Green Day's Billie Joe Armstrong on the Sex Pistols: "They proved that punk rock was not meant for the masses"

BJA + Johnny Rotten
(Image credit: Billie Joe Armstrong: Rich Fury/Getty Images for SiriusXM / Johnny Rotten: Jorgen Angel/Redferns)

Green Day frontman Billie Joe Armstrong has shared his thoughts on his punk rock forefathers the Sex Pistols, and declared that the London punk quartet "proved that punk rock was not meant for the masses."

With award-winning film director Danny Boyle's much-talked-about six-part Sex Pistols mini-series Pistol set to air on Disney+ from May 31, the impact and influence of Johnny Rotten's iconic punk band is once more under discussion, and Green Day's frontman has spoken to Rolling Stone to offer his personal view on the group.

"Never Mind the Bollocks was one of the first punk records I ever heard," Armstrong tells Rolling Stone. "For me, it just had a huge impact. Everything about it, from the lyrics to the guitar sounds to the songs, I thought was just perfect."

Going on to discuss the quartet's legacy, Armstrong says, "The Sex Pistols killed punk before it had the opportunity to go mainstream back then. What they had proved is that punk rock was not meant for the masses. If you’re picking up the guitar to play punk rock music, it’s not for fame. You do this because it’s something that matters to you and it’s something that’s underground, and that was my early experience of being in a punk band with Green Day. And obviously with Green Day it was a different trajectory altogether, but I gotta say I didn’t predict that for us [laughs].

"So when you get all of these pockets of kids all over the globe that are making music that has that Sex Pistols influence, who want to create their own underground form of anarchy, it gives you faith that music is not just there to be manufactured and corporate and consumerist," Armstrong continues. "It’s there because people are investing into their lives and reflecting the way that they feel about the world and the way they feel about themselves. And that’s been the long legacy that the Sex Pistols left behind."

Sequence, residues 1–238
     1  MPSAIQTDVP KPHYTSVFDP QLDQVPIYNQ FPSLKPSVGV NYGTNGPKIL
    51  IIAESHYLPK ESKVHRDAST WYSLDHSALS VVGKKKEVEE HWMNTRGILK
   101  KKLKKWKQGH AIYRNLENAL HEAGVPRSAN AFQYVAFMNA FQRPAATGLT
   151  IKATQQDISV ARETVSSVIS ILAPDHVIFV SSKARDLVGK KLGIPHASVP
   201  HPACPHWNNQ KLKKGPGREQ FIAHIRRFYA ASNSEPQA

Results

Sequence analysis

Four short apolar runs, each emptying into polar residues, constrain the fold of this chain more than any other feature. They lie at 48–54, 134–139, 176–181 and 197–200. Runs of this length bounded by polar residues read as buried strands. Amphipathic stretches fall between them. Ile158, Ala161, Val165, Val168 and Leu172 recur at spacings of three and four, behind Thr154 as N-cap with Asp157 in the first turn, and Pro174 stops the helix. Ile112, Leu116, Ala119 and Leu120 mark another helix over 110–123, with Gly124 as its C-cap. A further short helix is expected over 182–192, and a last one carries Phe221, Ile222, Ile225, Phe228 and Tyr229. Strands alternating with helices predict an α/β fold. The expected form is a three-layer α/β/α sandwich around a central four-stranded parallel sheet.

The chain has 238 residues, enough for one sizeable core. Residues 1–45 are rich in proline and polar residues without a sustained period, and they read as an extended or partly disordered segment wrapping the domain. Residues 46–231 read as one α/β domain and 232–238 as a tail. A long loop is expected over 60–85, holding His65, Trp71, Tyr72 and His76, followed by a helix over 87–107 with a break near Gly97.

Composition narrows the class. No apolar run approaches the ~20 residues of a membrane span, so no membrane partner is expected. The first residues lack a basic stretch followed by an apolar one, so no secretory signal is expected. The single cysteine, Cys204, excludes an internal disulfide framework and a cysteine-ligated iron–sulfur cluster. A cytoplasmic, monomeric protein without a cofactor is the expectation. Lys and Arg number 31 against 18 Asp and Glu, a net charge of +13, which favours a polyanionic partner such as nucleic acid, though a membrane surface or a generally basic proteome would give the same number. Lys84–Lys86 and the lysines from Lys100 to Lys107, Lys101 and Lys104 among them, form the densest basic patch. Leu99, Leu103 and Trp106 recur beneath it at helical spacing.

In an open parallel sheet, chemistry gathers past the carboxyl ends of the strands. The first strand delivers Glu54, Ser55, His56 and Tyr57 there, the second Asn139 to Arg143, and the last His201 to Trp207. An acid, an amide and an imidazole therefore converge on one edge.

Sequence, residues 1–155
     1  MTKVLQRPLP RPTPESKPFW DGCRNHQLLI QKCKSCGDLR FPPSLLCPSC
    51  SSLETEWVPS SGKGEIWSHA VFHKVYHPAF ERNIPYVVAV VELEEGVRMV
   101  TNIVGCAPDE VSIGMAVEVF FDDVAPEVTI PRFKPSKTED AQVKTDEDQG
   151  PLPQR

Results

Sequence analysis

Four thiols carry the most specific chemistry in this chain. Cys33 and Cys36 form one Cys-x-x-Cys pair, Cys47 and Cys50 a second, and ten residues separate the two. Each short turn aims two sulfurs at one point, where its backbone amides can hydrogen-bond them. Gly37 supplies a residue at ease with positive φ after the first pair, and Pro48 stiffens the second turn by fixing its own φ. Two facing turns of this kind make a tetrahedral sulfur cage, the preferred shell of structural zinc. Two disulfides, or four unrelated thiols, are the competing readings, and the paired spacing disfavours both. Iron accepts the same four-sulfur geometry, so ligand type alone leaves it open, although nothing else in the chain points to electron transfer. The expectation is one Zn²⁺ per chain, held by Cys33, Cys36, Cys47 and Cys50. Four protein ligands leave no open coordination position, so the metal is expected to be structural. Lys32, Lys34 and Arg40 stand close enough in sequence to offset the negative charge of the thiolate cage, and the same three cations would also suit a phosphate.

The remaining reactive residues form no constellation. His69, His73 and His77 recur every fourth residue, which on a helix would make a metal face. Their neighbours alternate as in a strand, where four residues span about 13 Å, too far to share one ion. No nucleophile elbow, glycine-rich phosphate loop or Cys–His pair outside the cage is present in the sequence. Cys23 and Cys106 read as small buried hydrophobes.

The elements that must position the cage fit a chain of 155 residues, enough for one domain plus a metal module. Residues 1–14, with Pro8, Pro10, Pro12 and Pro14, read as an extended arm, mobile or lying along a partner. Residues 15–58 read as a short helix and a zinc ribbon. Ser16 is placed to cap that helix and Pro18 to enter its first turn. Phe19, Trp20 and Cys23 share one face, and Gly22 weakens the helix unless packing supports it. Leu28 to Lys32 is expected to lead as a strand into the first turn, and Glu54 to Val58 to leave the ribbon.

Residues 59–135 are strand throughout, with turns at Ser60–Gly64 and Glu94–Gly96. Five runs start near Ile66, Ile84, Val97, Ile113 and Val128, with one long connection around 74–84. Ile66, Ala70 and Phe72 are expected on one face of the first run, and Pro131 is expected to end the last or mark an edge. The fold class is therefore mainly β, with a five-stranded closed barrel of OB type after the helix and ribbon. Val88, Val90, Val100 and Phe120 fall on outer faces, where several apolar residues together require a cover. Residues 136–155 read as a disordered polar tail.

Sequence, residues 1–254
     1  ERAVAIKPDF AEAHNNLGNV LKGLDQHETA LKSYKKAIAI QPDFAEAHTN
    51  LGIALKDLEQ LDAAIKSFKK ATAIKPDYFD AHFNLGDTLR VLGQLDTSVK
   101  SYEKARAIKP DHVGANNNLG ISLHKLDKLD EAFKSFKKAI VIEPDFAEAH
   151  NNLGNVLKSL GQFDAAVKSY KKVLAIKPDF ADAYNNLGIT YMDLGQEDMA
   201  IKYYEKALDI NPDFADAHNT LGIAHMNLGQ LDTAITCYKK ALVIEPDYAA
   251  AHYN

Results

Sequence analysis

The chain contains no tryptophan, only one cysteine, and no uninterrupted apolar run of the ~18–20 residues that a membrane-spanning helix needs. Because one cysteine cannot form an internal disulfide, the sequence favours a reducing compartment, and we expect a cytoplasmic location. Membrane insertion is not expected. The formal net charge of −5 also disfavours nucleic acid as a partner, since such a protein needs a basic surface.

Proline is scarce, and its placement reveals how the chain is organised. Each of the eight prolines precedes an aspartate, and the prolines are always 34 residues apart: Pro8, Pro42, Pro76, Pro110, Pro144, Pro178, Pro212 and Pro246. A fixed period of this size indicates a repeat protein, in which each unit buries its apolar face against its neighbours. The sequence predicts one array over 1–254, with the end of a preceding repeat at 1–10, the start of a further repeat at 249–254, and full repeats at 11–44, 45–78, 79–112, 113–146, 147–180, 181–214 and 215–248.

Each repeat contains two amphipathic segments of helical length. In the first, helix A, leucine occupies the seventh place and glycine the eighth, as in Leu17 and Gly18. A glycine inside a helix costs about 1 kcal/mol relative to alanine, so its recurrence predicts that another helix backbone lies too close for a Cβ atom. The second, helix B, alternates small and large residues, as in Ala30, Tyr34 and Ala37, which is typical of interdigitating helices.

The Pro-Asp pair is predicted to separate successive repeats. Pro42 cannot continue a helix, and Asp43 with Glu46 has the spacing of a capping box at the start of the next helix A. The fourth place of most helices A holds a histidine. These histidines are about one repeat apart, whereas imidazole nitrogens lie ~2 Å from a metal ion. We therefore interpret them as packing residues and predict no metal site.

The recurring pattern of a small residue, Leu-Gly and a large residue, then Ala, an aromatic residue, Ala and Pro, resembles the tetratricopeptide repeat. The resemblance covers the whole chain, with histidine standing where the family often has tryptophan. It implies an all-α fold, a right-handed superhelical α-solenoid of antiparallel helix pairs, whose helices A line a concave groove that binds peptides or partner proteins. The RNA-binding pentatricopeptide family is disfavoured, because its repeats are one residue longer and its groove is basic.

Pistol is based upon Sex Pistols’ guitarist Steve Jones’ acclaimed 2018 memoir Lonely Boy, and has been adapted for television by writers Craig Pearce (Strictly Ballroom, The Great Gatsby) and Frank Cottrell Boyce (24 Hour Party People), who also worked with Boyle on the staging of the theatrical opening ceremony for the London 2012 Olympics. 

“Imagine breaking into the world of The Crown and Downtown Abbey with your mates and screaming your songs and your fury at all they represent,” Boyle said when the series was first announced. “This is the moment that British society and culture changed for ever.  It is the detonation point for British street culture… where ordinary young people had the stage and vented their fury and their fashion… and everyone had to watch and listen.....and everyone feared them or followed them. The Sex Pistols. 

“At its centre was a young charming illiterate kleptomaniac, a hero for the times, Steve Jones, who became in his own words, the 94th greatest guitarist of all time. This is how he got there.” 

Former Sex Pistols frontman John Lydon, aka Johnny Rotten, has voiced his opposition to the series, calling it "disrespectful shit." 

“It is so destructive to what the band is,” Lydon said last year, during an unsuccessful court bid to stop the band's music featuring in the series, “and so I fear that the whole project might be extremely negative.”

 Lydon has also dubbed the series a “middle class fantasy” that “bears little resemblance to the truth” after claiming in 2021 that it was given the go-ahead without his permission. 

Lydon was equally caustic when speaking about his former bandmates, Jones, Paul Cook and Glen Matlock. 

“None of these fucks would have a career but for me," he said. "They did nothing before, they’ve done nothing since.”

Paul Brannigan
Contributing Editor, Louder

A music writer since 1993, formerly Editor of Kerrang! and Planet Rock magazine (RIP), Paul Brannigan is a Contributing Editor to Louder. Having previously written books on Lemmy, Dave Grohl (the Sunday Times best-seller This Is A Call) and Metallica (Birth School Metallica Death, co-authored with Ian Winwood), his Eddie Van Halen biography (Eruption in the UK, Unchained in the US) emerged in 2021. He has written for Rolling Stone, Mojo and Q, hung out with Fugazi at Dischord House, flown on Ozzy Osbourne's private jet, played Angus Young's Gibson SG, and interviewed everyone from Aerosmith and Beastie Boys to Young Gods and ZZ Top. Born in the North of Ireland, Brannigan lives in North London and supports The Arsenal.